Who knew that as a 30-year-old, married mother of two, I would have boy troubles?
And yet, the Breaking Ice Department of Homeland Security raised the ex-boyfriend threat level today to orange.
Turns out that my high school sweetheart, J, is coming to Seattle this weekend to stand up in a college friend's wedding... which is happening at a church 1/2 mile from my office, and he's likely staying at a hotel just 1/2 mile in the other direction.
I also happen to work on the campus of Seattle Center, one of the city's primary tourist attractions.
Compared to every other day, where he lives in the Midwest, I live in the Pacific Northwest, and the chances of a run-in are infinitesimal, today and tomorrow have a high likelihood for inadvertent reunion.
And I am SO not looking forward to that.
Allow me to enlighten you with a little backstory:
J was one of my very best friends in high school. I clearly remember the moment when, sitting on his parents' couch late one summer night, I decided to kiss him, and therefore permanently alter the dynamic of our friendship. We dated for one year, and I unashamedly declare it remains one of the best years of my life. If J had asked me to marry him that summer after I graduated from high school, I would have said yes. I was in love.
But J was not. Just as quickly as my dreams of a romantic, pre-college summer with my boyfriend began, they ended. He broke up with me because he wanted to enjoy his senior year of high school without the substantial commitment of a long-distance romance.
That summer, J and I would occasionally rendezvous to reminisce about the past (read: we played strip poker in my mother's basement and made out in the crawlspace of his parents' split-level). Turns out, he was also making out with one of my best girlfriends, who had recently broken up with her high school boyfriend, a couple with whom we frequently double-dated. When that dalliance was revealed, J decided to pretend that I do not exist, a ruse that continues to this day.
Exhibit A: Between my junior and senior year of college, I walked into a friend's family room with two other girlfriends. J, who was already in the room, jumped up and bear-hugged both of my friends. Then he sat down and refused to acknowledge my presence for the rest of the evening.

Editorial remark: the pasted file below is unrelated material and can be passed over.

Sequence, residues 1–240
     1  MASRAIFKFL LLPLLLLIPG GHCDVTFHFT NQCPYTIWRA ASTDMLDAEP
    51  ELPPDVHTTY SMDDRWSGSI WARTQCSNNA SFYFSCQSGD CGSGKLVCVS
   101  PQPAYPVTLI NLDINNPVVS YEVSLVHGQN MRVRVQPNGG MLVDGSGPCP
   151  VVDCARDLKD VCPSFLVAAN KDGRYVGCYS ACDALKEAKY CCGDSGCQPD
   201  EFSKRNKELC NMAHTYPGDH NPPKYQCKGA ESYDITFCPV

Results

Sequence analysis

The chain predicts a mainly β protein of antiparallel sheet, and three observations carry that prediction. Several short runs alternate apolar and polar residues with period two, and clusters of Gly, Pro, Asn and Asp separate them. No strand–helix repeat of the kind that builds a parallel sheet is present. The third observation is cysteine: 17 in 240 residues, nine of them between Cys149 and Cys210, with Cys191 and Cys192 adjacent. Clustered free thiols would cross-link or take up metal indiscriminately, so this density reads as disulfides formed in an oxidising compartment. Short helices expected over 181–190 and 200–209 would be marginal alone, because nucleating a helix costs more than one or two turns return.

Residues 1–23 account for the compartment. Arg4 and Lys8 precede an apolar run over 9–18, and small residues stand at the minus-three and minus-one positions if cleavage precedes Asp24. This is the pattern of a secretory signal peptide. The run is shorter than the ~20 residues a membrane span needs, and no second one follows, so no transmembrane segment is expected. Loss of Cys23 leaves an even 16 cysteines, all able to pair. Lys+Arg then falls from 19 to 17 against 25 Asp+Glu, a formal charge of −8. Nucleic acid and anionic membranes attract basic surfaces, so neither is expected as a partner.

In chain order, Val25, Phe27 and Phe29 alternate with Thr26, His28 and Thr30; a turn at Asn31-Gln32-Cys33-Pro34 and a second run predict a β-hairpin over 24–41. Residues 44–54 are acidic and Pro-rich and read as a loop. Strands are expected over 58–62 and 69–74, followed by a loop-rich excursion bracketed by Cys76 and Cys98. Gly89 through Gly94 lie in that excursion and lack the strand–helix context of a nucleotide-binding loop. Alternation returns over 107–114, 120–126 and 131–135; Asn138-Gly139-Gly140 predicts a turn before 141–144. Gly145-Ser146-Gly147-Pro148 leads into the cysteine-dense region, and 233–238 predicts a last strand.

Exhibit B: Shortly after I married and J became engaged, we ran into each other at our childhood church. I went up to say hello; but J barely made eye contact with the CDR or me, and quickly left the lobby. As we headed home that morning, my husband commented, "I have never seen someone dislike another person the way he obviously dislikes you."
Here's the thing: In no way do I pine for this boy, or wish that I had ended up with him. I am so thrilled with my life, and especially with my husband and children. But I am conflicted.
One part of me is tempted to hole up here in my office because I do not want to suffer the hurt that inevitably comes with running into a person whom I trusted with my heart, and called my "best friend;" but who now pretends that I am a useless waste of space.
Another part of me wants to strut my cute spring outfit and beautifully highlighted hair across Seattle Center in the hopes of running into him, just to see if I'm someone he can't afford to ignore any more.
I tend to side with the third, more mature part of me. She wants to blend the hurt young girl with the brazen thirty-something woman by running into another member of the wedding party (and former classmate) who can later say, "J, you'll never believe who I ran into today! And she looks great!"
I think I'll take a walk toward Starbucks and buy myself an iced latte.
Side Note: That girlfriend who also made out with J in our pre-college summer? She apologized for what happened as soon as she realized that I was still in the picture, and she remains to this day one of my very best friends and confidantes. She is a woman that every woman would love to know.